Does my hon. Friend agree that it would be helpful to many families and indeed professionals who are challenged by these circumstances if the Government were able to put more resources specifically into initial teacher training and in-service training to help staff in schools to understand autism better and to support children with autistic spectrum issues better?
My hon. Friend makes an excellent point, and I shall refer later in my speech to the Abbotts Lea special school in Liverpool, which is a shining example of the very best practice that exists in our education system.
Delays in diagnosing autism mean that many autistic people do not receive the support that they need, which can really harm their life chances. For too many families, securing the right support for their child at school is a hugely difficult task, and can become an all-consuming battle. The passport to receiving this extra support is an education, health and care—or EHC—plan, which is intended to bring together a child’s different needs in education, health and social care. Autism is the most common type of special need for school pupils who have an EHC plan. However, as budgets have been reduced, local councils often struggle to respond to demand, leading to EHC plans being refused or delayed well beyond the 20-week cut-off date by which a decision on whether to approve an EHC plan should be made.
My hon. Friend is making an important point. In my experience—and, I suspect, that of others—the delays in getting an assessment are resulting in some parents having to pay between £2,000 and £3,000 out of their own pocket because they cannot afford to wait such a long time for their children to be assessed.
My right hon. Friend makes an important point. This is one of the many aspects of this challenge that makes life very difficult for the families of children with autism, and we really need to do better by them.
Even those families who do get a plan are often not given the support they need. A report published by the all-party parliamentary group on autism found that only one in 10 parents were very satisfied with the process of agreeing an EHC plan for their child, with 60% saying that they were dissatisfied. In Liverpool, a recent Ofsted inspection into how Liverpool City Council and the local clinical commissioning group catered for children with special educational needs and disabilities found “significant concerns” and “long-standing issues” in local practice. In particular, the inspection found serious weaknesses in the EHC planning process as well as in the quality of the plans that were being made. In response to these concerns, the city council is required to submit a written statement of action to explain how Liverpool will tackle the areas of significant weakness identified.
I am pleased that the council is responding with the urgency that that report demands. It has responded positively, but we know that Liverpool is far from unique. In fact, a majority—more than 50%—of the SEND area inspections nationally have resulted in the requirement for a statement of written action. This is a huge national challenge.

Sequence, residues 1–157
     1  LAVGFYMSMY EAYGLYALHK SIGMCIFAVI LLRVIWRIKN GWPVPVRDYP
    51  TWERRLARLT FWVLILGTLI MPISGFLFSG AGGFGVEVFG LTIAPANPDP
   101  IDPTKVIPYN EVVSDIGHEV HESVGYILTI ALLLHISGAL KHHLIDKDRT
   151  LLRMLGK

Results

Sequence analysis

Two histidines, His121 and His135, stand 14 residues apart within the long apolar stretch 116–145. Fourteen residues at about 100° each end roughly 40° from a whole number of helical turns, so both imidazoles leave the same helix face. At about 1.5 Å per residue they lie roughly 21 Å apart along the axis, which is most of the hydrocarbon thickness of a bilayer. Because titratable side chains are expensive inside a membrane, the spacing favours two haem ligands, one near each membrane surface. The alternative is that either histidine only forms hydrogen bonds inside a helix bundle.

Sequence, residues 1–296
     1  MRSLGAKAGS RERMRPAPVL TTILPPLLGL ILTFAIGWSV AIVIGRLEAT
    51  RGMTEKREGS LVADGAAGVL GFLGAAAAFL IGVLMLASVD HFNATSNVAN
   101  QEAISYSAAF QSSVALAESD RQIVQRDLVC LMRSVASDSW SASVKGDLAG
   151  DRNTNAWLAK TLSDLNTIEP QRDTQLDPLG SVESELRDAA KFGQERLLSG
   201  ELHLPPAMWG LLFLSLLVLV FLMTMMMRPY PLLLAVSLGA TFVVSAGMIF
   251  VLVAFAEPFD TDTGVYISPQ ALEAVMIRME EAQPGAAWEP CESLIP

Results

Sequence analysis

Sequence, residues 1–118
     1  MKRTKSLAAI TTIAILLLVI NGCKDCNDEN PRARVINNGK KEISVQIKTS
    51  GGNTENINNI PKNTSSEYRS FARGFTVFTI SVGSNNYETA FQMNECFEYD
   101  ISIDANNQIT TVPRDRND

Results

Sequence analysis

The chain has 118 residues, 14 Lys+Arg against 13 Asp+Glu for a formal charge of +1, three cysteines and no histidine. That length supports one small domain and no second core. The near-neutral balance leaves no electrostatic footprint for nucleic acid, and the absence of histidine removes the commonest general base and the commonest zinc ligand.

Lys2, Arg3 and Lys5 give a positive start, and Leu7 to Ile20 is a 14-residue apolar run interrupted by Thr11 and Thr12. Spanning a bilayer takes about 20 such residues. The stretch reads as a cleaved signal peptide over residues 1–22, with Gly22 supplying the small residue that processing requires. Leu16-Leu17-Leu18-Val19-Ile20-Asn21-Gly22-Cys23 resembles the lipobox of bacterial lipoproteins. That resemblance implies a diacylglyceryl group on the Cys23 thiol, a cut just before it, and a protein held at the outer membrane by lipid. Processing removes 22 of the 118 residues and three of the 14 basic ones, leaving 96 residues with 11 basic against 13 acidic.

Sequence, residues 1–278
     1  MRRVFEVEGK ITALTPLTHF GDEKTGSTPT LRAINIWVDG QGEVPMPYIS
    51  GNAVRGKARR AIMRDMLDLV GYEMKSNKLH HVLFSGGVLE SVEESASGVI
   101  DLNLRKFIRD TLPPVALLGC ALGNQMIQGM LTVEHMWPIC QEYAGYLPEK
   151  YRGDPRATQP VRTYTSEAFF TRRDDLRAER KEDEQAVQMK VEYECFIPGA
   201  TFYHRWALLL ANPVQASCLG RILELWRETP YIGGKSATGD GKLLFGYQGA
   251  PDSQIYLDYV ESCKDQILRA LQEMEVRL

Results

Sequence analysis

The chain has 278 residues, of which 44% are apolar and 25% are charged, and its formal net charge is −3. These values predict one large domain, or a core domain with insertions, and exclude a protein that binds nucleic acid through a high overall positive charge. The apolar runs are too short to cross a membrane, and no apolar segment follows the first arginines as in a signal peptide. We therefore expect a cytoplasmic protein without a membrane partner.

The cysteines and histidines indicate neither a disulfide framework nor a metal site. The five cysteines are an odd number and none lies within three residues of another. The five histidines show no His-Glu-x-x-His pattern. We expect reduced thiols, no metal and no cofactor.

Across the country, devastating cuts in local government funding have contributed to a crisis in funding for children with special education needs and councils are struggling to meet their statutory duties for children with autism. Data from freedom of information requests and council reports show that councils are overspending massively. Overspending on SEND has trebled in the past three years, and it is continuing to increase, with councils having to raid their overall schools budget for millions to respond to demand. Cuts to local authority budgets have further reduced the kind of support that used to be in place for social activities for children with autism and additional support for their families.
Despite this challenging environment, there are brilliant examples across the country of great support for autistic children and their families. In Liverpool, we have some truly outstanding special schools, and it is not just me saying that: Ofsted says that they are truly outstanding, too. They include three in my constituency—Redbridge, Bank View and Ernest Cookson—which serve children with autism.
I want to focus on Abbot’s Lea School, which is in fact in the constituency of my hon. Friend Maria Eagle. The school caters for over 250 students from three to 19 years old, and its philosophy of education is the ASD model. I pay tribute to headteacher Ania Hildrey, who told me this week that she focuses equally on academic progress, specialist therapeutic support and development of life skills. She has transformed its curriculum, and she unapologetically aspires to be the best special school in the world.
Like so many other specialist schools, however, Abbot’s Lea is being held back from being able to provide the very best service, because local government funding does not go far enough to meet the demand for specialist placements or mainstream support. Ania told me that some of the welcome reforms in the Children and Families Act 2014 have not been implemented as planned, leading to poor school planning and a lack of joint commissioning. Delays in autism diagnosis often mean that schools receive referrals much later than they would like, and that limits schools’ ability to transform pupils’ lives.